An advice column for folks who don’t like to be told what to do.
It is a crazy time in this country. We are in the midst of a seemingly endless pandemic that may surge again. Yet our leaders seem unwilling to set out clear tactics and expectations of behavior to help mitigate the threats to keep us and our loved ones safe.
The pandemic seems, also, to have finally laid bare for many the ways in which our society is crumbling. We are being forced to reckon with all the ways that we do not, and have never, lived up to the promise upon which this country was theoretically founded.
How do you find grounding and faith in the midst of this external chaos?
I’m going to pull back the curtain a bit, and admit that I chose your question to answer this week because the world is overwhelming right now. Between the pandemic, the election, the explosion of unashamed white supremacy, and the GOP’s brazen ramming through of a third Supreme Court justice just so they can continue to control a country that is quickly leaving them behind, it is so tempting to curl up in the corner of my couch and say, “NOPE. It’s just too much. Count me OUT.”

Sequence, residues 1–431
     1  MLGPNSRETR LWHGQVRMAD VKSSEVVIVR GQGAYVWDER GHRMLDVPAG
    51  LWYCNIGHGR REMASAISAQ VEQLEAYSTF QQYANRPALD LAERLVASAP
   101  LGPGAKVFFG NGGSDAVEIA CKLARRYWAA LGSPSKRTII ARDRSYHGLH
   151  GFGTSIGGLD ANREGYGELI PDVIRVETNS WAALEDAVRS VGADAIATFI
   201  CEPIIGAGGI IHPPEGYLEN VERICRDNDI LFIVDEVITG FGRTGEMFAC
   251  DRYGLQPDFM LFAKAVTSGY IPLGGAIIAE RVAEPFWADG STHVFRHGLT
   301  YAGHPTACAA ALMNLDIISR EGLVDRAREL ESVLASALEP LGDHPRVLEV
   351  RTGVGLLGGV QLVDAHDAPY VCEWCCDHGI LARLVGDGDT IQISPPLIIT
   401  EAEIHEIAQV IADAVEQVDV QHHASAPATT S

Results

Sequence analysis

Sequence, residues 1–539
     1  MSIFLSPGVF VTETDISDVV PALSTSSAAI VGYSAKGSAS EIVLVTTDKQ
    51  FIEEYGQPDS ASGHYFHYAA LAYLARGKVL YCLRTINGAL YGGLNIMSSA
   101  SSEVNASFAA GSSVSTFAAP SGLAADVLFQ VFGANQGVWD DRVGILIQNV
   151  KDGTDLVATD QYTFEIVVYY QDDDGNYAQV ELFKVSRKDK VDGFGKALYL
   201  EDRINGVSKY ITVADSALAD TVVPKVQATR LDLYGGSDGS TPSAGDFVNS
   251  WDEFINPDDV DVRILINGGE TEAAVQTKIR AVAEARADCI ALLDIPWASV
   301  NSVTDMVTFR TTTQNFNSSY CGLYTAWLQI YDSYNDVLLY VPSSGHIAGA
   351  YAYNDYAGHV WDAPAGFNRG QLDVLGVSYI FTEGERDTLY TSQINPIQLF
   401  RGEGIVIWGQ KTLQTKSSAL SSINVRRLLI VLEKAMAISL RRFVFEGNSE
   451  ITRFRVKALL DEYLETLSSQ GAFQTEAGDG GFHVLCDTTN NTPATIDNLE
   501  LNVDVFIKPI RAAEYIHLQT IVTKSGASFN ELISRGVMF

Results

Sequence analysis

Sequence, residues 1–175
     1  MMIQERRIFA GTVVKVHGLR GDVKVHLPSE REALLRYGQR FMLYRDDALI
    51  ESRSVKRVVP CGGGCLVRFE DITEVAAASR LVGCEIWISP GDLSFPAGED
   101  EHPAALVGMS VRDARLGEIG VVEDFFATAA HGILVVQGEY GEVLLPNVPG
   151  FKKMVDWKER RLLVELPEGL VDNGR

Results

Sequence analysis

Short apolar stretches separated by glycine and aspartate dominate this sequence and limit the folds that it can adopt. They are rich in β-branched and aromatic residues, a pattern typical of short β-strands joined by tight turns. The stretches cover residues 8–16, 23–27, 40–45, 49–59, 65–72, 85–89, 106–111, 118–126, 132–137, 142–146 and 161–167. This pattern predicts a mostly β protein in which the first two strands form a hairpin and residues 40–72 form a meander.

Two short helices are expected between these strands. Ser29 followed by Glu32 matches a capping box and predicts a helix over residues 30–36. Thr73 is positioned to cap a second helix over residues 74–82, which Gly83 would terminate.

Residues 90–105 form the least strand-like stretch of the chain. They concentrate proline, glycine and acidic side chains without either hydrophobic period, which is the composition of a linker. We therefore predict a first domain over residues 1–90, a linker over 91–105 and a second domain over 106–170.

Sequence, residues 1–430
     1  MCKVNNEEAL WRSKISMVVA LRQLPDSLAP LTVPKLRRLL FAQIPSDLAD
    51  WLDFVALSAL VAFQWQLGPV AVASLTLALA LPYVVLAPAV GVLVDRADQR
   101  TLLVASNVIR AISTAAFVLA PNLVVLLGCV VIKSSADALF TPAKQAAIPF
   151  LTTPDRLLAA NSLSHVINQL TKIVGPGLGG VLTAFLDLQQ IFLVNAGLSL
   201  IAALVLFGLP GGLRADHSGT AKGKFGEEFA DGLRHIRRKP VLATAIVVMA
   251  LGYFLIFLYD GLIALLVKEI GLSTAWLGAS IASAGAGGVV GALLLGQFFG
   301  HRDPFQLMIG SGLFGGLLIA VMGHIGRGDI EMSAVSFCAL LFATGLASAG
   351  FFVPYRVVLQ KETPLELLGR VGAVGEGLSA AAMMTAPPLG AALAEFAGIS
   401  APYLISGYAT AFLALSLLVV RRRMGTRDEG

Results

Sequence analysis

I needed to sit with your question in order to find my own grounding in this moment, which really brings me to the first answer to your question.
One of the most effective tools I have in my toolbox for grounding right now is stepping away from the maelstrom of media to take time to contemplate open-ended questions. Open-ended questions aren’t arithmetic. They aren’t 2+2=4.
Open-ended questions invite our minds to ramble in order to find the answer for today. Habituating ourselves to focusing on today brings us into presence with what is, grounding us in reality. In the face of an administration that lies constantly in the hopes of creating their preferred reality, this matters. It also orients us towards learning and growth as a mindset. Every day presents an opportunity to reflect and deepen our understanding, to find new and better answers to our biggest questions.